Wednesday, June 9, 2010

Call for Papers - Foundation for Male Studies Conference

The Foundation for Male Studies is planning a conference in October, 2010, and they have issued a call for papers. I'm torn about these folks - very essentialist in their approach, seeming to reject any constructionist/postmodern perspectives. Also, they seem very antagonistic toward all feminisms, not just the misandry oriented versions.

Here is their FAQ.

Male Studies - Call for Papers

Interdisciplinary

Male Studies: First Annual Conference (New York City, October 2010)

Proposals for papers are being accepted on any aspect of male studies, including the deep biology of the male, anthropological perspectives on the experience of being male, psychoanalytic study of boys and older males, history of the male, literacy and boyhood, boys' and men's well-being, depiction of males in literature and the media, males in a changing economy, global perspectives on the experience of being male, themes in the sociology of being male, public policy and health care explicitly devoted to boys and older males, the male experience in higher education.

Papers are welcomed from non-Anglophone countries.

Papers are welcomed from Independent Scholars.

This is not a gender studies conference. It is not a men's studies conference in the generally accepted sense.

This is the more detail-oriented email that went out to friends of male studies (thanks to Durwin Foster for forwarding this to me).

Wagner College will host the first annual Conference on Male Studies, on Friday and Saturday, October 1-2, 2010. Six themes representing several disciplines will be addressed by panels and individual presenters:

▪ The deep biology of the experience of being male (genetics, biology, psychoneuroendocrinology, paleoanthropology);

▪ Literacy and education of boys and college males (pedagogy, sociology);

▪ Socioeconomic factors leading to males' over-involvement in the criminal justice system, underemployment and limited opportunities as fathers, resulting from changes in child custody law (economics, forensics, law, public policy);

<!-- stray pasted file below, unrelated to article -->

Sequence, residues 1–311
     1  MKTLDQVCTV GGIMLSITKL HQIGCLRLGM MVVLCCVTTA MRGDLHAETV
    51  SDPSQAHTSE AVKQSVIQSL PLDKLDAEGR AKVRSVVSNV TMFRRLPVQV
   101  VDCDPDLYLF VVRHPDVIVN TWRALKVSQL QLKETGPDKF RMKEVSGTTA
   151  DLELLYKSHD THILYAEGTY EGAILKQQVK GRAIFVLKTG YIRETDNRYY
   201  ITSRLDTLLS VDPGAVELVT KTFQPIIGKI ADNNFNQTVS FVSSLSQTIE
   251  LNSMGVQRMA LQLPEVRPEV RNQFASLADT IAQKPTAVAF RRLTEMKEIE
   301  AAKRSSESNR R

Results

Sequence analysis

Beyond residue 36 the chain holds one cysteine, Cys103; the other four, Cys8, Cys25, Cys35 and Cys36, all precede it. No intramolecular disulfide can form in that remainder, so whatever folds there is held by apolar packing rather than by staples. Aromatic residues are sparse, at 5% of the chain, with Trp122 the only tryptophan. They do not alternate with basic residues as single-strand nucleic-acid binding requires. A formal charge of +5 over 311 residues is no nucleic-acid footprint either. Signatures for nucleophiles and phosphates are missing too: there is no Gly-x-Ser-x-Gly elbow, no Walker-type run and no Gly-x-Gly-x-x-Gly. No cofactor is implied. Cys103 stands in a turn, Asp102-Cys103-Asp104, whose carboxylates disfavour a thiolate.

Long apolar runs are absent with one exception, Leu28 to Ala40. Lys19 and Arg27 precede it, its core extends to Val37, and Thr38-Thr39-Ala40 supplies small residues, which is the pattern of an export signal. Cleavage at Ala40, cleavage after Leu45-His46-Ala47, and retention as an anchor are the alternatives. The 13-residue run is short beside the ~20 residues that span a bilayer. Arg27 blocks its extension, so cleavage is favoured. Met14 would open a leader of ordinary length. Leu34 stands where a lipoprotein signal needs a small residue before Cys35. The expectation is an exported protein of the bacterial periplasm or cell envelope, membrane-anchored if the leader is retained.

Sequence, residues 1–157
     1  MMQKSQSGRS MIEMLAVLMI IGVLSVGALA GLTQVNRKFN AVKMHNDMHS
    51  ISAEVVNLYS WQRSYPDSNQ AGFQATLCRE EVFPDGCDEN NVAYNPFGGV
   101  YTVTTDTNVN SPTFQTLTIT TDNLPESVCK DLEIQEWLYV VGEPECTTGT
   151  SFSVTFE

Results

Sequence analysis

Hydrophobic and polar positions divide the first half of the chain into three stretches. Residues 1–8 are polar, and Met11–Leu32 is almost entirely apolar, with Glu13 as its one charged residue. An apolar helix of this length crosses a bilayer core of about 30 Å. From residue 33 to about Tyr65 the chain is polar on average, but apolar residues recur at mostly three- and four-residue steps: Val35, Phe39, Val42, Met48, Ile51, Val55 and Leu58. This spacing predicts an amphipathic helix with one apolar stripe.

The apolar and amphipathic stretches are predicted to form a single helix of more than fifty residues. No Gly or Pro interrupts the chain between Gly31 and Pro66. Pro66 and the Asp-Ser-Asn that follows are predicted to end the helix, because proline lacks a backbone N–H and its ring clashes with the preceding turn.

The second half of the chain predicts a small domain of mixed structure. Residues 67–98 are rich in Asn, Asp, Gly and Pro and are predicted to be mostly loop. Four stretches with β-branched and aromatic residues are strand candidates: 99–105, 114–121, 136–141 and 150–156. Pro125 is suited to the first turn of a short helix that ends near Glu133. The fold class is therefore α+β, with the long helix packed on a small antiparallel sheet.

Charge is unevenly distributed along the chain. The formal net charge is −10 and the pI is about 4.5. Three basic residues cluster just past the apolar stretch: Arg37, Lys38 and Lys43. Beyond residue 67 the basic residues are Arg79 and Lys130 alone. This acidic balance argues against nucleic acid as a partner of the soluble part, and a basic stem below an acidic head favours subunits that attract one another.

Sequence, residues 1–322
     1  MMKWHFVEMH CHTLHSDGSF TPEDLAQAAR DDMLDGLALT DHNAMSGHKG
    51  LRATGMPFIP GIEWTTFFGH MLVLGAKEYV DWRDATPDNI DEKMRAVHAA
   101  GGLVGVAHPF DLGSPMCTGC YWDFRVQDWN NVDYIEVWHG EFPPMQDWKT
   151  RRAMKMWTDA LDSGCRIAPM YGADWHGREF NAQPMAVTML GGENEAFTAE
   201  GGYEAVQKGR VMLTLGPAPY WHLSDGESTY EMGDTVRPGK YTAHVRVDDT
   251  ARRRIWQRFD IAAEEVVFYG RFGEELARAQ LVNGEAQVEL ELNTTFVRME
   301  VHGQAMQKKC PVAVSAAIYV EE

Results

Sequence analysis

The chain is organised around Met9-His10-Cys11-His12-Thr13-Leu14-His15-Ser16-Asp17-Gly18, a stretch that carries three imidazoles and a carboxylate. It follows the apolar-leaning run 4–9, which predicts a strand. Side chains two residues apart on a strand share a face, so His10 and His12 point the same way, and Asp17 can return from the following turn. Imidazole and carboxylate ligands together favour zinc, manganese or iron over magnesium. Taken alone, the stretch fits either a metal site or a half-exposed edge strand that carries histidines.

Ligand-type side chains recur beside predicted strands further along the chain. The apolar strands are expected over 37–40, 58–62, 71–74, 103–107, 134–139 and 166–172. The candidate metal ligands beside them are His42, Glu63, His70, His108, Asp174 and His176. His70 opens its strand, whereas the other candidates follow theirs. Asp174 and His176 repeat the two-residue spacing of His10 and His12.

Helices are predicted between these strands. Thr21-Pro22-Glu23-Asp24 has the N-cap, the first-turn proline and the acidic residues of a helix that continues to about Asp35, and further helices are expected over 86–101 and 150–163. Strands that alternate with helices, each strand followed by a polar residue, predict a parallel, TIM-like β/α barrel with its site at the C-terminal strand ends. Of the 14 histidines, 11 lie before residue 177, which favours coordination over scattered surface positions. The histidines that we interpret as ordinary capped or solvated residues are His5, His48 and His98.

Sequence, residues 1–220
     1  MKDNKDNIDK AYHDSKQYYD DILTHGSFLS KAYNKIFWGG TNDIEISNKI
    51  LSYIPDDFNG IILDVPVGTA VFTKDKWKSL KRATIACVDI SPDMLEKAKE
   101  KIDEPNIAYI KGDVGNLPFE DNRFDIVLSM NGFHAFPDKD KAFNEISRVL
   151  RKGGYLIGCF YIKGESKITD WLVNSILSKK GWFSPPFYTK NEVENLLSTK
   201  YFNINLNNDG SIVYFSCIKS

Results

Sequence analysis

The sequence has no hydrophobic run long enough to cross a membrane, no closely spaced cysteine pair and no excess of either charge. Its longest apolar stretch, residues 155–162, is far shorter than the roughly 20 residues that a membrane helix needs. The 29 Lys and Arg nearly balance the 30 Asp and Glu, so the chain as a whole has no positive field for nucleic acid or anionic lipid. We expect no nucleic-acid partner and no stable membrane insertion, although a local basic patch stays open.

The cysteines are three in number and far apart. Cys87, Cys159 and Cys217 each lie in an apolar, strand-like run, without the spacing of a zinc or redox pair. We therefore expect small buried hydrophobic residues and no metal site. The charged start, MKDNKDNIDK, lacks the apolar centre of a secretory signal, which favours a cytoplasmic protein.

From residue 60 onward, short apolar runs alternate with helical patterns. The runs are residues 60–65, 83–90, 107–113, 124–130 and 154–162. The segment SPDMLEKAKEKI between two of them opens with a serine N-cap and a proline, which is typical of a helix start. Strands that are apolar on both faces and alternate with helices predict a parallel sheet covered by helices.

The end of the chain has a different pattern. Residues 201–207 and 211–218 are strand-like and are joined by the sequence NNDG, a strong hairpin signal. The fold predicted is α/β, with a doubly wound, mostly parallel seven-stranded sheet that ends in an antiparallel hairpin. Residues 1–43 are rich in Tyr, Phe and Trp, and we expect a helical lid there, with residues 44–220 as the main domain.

▪ Misandric representations of boys and mature males in the media and advertising (media studies including cinema, television and internet, and advertising);

▪ Accounts of the experience of being male (history, literature, autobiography);

▪ Pressing issues related to the emotional well-being of boys and older males, most notably depression and suicide (clinical psychology, medicine and psychiatry, social work).

Specialists in all of the above disciplines as well as related areas of research will present position papers or engage in carefully organized panel discussions of the themes. We expect participants to include scholars from more than 12 countries who participated in the April 7, 2010 inaugural teleconference and webinar broadcast.

Proceedings of the conference will be published in the first issue of a new journal, Male Studies, in 2011.

Please submit your proposal as a (1) single authored paper, (2) panel (naming colleagues who would be willing to participate with you), or (3) a workshop. The two-day conference will be interdisciplinary and international in scope.

In your proposal, indicate the specific discipline(s) your proposal represents. Include current contact information.

As a reminder, as mentioned on the Call for Papers, please send your documents to mgroth@wagner.edu.

Also, please forward this message to other scholars with whom you work or have worked.

Proposals will be accepted until August 31.

All Best,
Miles Groth, PhD, Convener

2 comments:

Anonymous said...

With all respect, your assessment isn't completely fair.

These people are not unfriendly to all feminists, and did differentiate between misandric and other feminism in their first conference (Nathanson). But they do recognize that as things stands now, feminism has become more destructive than constructive. They make some very sound arguments to that end, too.

Also, the approach is not essentialist, but simple scholarship. Part of the problem in the modern study of men is that too many political influences insist on postmodern ideological compliance before one fact is in the door.

It is activism over academic integrity. I don't think it makes the male studies people hostile to desire a different and ideologically unencumbered path.

WH said...

I hear what you're saying, and I'd like to believe they have good intentions - but they also have an agenda and a political mission. They feel strongly enough about their own agenda to reject all others - that says a lot.